by Daniel Fetsko ’19 CE
Innovation and entrepreneurship are integral parts of society that keep our culture progressing forward. Especially now, as we have moved further into the 21st century, the smartphone revolution has blown open the doors to an entirely new world of creative products and apps to meet ever-growing demand. There is no shortage of brilliant ideas out there, but taking the next step and being able to make those ideas a reality can be a challenge, which is why programs like Villanova University’s IdeaBounce® exist.
IdeaBounce® is facilitated by Villanova’s Innovation, Creativity, and Entrepreneurship (ICE) Institute. Through an online forum, individuals can promote their ideas in order to find the help they need at any stage of the process—from initial development to legal advice. All ideas are accepted, and include an enormous variety of products and services for all industries. There have been nearly 750 submissions since the program began, ranging from “Edible Tape” to “Keurig in Your Car” to a “Make-Your-Own-Sushi” restaurant.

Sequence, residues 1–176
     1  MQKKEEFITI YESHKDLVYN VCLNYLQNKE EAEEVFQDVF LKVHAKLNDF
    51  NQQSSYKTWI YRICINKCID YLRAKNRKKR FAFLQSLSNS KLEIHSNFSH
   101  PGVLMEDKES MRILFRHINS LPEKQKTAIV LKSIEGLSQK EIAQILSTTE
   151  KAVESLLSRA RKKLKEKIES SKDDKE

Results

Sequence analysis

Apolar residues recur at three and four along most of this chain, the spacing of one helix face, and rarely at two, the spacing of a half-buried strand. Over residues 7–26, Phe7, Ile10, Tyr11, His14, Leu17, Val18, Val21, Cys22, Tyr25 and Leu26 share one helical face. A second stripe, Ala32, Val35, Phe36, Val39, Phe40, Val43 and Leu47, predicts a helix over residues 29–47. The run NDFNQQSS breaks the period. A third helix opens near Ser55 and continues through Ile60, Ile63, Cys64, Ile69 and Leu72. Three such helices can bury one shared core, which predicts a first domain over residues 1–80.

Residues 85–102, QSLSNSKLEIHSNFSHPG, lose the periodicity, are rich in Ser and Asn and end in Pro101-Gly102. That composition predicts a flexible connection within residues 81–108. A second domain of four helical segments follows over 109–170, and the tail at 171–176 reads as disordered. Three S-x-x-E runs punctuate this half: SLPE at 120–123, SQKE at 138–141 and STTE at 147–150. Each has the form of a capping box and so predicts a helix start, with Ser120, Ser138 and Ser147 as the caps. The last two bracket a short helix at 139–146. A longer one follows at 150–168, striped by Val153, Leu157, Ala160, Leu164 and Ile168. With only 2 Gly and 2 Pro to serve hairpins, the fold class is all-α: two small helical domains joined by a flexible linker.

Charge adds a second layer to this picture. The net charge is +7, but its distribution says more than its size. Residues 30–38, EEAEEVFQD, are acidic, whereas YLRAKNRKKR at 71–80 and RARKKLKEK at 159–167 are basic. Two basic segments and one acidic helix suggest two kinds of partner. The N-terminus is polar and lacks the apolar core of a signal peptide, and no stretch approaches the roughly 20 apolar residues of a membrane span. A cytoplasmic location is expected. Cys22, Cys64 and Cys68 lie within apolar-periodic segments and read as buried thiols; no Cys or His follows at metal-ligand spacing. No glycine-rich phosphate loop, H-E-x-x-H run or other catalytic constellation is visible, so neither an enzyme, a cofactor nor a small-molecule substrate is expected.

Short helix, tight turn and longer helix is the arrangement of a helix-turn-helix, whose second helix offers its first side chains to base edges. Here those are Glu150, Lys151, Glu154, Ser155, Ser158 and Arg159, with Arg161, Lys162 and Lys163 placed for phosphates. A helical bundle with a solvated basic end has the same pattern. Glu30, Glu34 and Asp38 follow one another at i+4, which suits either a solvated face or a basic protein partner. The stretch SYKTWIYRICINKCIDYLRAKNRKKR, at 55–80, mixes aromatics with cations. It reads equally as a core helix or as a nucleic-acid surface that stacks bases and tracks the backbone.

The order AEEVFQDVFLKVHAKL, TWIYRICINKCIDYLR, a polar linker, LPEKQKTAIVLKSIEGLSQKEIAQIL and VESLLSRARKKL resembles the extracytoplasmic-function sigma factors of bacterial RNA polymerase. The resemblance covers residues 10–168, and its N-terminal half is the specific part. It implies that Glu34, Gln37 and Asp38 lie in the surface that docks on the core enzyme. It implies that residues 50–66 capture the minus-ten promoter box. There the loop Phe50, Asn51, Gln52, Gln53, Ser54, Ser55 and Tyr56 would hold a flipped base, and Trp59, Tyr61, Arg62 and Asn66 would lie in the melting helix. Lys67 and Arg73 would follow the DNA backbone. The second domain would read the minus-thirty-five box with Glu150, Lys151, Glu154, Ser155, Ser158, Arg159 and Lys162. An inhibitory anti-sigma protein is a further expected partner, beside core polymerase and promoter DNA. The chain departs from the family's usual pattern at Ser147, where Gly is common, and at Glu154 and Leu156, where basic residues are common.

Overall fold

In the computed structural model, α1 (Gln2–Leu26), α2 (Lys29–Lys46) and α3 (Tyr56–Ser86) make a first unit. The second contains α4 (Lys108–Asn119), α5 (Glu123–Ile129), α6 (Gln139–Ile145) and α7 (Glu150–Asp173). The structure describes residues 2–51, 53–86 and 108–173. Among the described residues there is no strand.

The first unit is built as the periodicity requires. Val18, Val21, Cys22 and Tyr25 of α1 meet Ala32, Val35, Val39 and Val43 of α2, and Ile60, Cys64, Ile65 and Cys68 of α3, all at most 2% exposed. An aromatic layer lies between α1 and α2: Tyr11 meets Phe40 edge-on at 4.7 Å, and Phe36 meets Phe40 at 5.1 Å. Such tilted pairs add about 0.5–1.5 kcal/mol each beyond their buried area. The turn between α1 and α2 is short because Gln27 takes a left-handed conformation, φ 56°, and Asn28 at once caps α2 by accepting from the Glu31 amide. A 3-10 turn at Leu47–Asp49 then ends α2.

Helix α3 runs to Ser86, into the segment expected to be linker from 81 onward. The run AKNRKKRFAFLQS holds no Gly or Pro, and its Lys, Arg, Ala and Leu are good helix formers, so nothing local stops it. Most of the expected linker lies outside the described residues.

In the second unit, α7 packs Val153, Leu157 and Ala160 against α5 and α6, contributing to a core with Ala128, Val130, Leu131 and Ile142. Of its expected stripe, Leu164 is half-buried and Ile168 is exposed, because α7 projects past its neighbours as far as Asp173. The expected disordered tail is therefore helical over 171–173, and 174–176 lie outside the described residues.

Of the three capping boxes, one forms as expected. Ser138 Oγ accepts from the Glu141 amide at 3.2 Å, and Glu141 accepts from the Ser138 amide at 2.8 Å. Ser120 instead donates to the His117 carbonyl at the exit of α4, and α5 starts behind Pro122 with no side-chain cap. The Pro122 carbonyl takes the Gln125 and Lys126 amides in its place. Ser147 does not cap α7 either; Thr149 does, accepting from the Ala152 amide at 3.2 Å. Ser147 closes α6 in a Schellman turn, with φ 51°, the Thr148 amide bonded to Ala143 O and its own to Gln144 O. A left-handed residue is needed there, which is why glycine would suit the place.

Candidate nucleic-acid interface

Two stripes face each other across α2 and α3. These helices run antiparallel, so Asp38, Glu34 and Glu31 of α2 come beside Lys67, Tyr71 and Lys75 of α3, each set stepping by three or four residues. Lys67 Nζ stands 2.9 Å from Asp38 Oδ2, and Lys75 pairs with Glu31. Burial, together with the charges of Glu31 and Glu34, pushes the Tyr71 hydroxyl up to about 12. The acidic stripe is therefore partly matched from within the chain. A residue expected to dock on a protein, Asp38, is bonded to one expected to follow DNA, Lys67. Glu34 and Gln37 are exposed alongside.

On September 21, IdeaBounce® held a live event in the new Idea Accelerator in Falvey Memorial Library. Ten different pitches were presented—nine by students and one by an alumnus—each having two minutes to offer an explanation of their product or service, its stage in the development process, and where they need assistance. Representatives from nearby companies were in attendance to see the pitches, which included an app for finding people to play basketball with, an all-natural energy drink, and electromagnetically removable tattoo ink, among others.
The Idea Accelerator itself is a great addition to Villanova’s campus. New this semester, it consists of private spaces where groups or individuals can work, interactive televisions and projectors, and a “tinkering lab” that includes a 3D printer. II Luscri, ICE Executive Director, says, “It looks cool and there’s a great deal of functionality.” The Idea Accelerator is open to all students and will host workshops and networking sessions to help them not only work on refining their ideas, but teach them how to get their ideas off the ground and turn them into real products or services. Recently the ICE Institute offered “How to Land a Job at a Startup,” and in October it will host a presentation by venture capitalist Wayne Kimmel.
Luscri and the rest of the ICE team hope to continue expanding the program and keep striving to encourage more and more students to move their ideas out into the world.